Crochet, Karen's Korner, Knitting

What Is The Best Yarn To Use?

What Is The Best Yarn To Use?
Image courtesy of Flickr

How many times have you been stuck wondering what is the best yarn to use for your next project? There is such a wide variety of yarns available now that it can be a bit overwhelming trying to make a choice. My personal preference tends to be for wool, especially for babies, because it is a natural fibre that “breathes” and is very warm. The modern range of yarns, however, contains an ever expanding number of different fibre types, and also blends of different fibres.

What Is The Best Yarn To Use?
Image courtesy of Flickr

One of the first things to look at on your pattern is whether or not it is written for a particular unique yarn, or is suitable for one of the more general types of yarn like 4ply, 8 ply, 12 ply etc. If the pattern is very yarn specific then you are best to stick with that yarn for your project.

A lot of patterns are still designed for more standard yarn types. Obviously it is safest to use the yarn(s) recommended in the pattern, but if you want to use something different there are several really important things to consider.

Yarn Ply and Needle Size

Always make sure that you get the same ply/weight yarn as that used in the pattern. It is also essential to do a test square to check that your gauge is correct, and alter your needle size accordingly if it is a bit off.

Yarn Length

The composition of yarn can make a huge difference to how far it goes. A ball of acrylic yarn can be up to 30% longer than a ball of wool of the same weight. Cotton can be similar to, or slightly shorter than wool, and blends of acrylic and natural fibres will be different again. Always check the band on a ball or hank of yarn for the length and for the batch number. Make sure you know what the length of a ball is for the yarn used in your pattern and work out from that what you will need in the yarn you are choosing. If you are in any doubt err on the side of caution and get extra.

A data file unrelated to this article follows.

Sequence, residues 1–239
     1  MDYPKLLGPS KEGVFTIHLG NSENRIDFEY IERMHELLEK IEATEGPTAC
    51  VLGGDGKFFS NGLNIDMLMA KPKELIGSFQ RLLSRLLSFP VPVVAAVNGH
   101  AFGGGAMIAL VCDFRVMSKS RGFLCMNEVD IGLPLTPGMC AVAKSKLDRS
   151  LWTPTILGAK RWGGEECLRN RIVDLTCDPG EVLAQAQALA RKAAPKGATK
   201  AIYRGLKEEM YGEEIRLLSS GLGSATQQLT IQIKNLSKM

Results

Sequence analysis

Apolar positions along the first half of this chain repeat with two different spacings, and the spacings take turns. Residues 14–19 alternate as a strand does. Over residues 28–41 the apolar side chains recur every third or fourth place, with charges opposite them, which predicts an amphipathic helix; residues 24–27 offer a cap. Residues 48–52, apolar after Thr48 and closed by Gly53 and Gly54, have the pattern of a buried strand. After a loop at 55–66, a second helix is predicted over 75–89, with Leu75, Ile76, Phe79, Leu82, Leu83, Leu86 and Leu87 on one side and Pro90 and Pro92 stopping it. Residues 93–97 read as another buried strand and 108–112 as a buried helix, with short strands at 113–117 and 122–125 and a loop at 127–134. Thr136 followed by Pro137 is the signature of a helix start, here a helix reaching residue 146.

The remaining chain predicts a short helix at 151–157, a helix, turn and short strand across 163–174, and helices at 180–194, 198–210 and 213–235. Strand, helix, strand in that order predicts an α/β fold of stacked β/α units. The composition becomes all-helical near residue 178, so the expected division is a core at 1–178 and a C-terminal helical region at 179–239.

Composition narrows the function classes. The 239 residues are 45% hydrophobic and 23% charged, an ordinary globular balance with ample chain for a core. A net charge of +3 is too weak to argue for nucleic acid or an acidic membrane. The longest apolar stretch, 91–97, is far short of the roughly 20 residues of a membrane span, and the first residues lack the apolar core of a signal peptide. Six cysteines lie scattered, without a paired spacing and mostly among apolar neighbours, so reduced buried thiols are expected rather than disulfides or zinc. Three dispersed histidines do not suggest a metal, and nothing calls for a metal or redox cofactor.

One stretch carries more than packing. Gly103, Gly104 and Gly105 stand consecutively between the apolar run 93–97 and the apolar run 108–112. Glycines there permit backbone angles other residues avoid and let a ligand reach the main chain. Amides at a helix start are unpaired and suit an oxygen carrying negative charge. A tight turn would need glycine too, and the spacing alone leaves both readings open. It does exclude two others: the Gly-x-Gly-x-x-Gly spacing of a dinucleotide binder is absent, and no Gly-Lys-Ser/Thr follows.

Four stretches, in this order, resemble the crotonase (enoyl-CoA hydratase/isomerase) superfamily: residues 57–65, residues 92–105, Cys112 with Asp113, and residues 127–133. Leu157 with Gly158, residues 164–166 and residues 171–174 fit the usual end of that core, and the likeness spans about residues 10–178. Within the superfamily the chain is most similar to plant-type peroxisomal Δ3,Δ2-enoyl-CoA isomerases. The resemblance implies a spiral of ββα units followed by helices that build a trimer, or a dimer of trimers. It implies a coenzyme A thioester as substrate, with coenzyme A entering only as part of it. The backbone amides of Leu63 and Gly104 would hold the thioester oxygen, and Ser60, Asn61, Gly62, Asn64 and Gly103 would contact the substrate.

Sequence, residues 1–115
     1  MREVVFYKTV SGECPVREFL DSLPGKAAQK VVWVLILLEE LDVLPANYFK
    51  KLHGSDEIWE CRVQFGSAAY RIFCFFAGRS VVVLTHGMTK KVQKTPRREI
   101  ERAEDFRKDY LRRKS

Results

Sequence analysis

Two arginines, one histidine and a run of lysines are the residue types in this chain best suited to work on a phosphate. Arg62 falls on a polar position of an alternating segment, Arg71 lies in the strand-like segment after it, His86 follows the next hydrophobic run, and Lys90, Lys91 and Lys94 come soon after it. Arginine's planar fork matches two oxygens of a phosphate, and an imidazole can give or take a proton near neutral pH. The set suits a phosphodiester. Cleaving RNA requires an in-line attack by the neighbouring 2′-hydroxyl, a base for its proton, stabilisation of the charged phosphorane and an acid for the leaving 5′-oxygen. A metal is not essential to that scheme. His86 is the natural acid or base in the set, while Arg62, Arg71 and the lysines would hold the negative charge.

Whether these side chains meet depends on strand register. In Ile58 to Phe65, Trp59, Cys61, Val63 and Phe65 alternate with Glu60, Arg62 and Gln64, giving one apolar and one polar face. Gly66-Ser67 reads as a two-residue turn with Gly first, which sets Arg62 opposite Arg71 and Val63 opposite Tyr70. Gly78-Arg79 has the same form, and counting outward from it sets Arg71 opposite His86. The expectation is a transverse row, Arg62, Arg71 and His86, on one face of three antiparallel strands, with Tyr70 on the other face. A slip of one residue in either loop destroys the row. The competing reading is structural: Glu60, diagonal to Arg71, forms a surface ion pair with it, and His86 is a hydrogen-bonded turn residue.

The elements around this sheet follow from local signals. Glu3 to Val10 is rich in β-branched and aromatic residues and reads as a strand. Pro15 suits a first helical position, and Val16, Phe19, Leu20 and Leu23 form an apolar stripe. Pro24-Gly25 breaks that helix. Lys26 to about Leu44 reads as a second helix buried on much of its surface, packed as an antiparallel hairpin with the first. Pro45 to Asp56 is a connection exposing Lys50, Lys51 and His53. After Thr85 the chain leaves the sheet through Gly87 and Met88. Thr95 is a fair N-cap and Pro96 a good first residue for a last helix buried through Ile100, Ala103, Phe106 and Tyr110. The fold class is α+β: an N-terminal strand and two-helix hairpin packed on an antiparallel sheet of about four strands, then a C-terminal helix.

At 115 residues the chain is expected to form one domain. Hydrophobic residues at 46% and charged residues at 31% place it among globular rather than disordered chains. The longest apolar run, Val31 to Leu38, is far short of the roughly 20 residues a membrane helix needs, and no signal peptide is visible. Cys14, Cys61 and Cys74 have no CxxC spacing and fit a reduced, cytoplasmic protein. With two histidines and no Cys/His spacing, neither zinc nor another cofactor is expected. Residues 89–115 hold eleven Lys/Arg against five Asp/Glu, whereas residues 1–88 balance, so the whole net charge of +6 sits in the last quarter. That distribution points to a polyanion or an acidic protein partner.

Karen's Korner, Knitting

Homeless Knitting

Homeless Knitting

A couple of months ago, in my post “Another Octopus and Some Scarves”, I was interested in trying to get some knitting done to donate to local homeless people. Unfortunately I was a bit late to get myself organised for this winter, but I am working on getting some significant supplies ready for next year. We are officially into spring in New Zealand now, although the weather has been a bit slow to get the memo so far.

Homeless KnittingI have been going through my “stash” and experimenting with different ideas to knit items that might be useful to donate. The first scarf I made was a simple garter stitch one that used up a number of leftover partial balls from previous garments. I had planned to use only double knit (8 ply) yarn, but I think I accidentally included some cream yarn of a heavier gauge. When using this weight of yarn I suggest using 4mm (UK size 8) needles and at least 40 stitches. I like to make scarves at least 140cm long, but this is a matter of personal preference.

Homeless Knitting Homeless KnittingThe stitch I chose for the second scarf was broken double rib. I used 10 ply yarn and 4.5mm (UK size 7) needles for this one. This stitch is most easily knitted using multiples of four stitches plus three stitches at the end. For my scarf I used 51 stitches (48 stitches plus 3 = 51). For 8 ply yarn I would suggest at least 59 stitches and 4mm needles.

Broken double rib pattern using this guide for stitch numbers:

  [knit 2, purl 2] to last 3 stitches; knit 2, purl 1.

Repeat this row until required length is reached. Cast off and sew in the ends.

 

Homeless KnittingAnother experiment I have tried is a double rib hat which I made in 8 ply yarn, using 4mm needles. I have made the pattern I developed for this available as a PDF on my Downloads page. I plan to do more experimenting with different yarns, stitches and patterns, and will share them with you as I go. I hope you will consider joining me by making things to donate to people in your own local area.

See also: “Handcrafting to Support Charities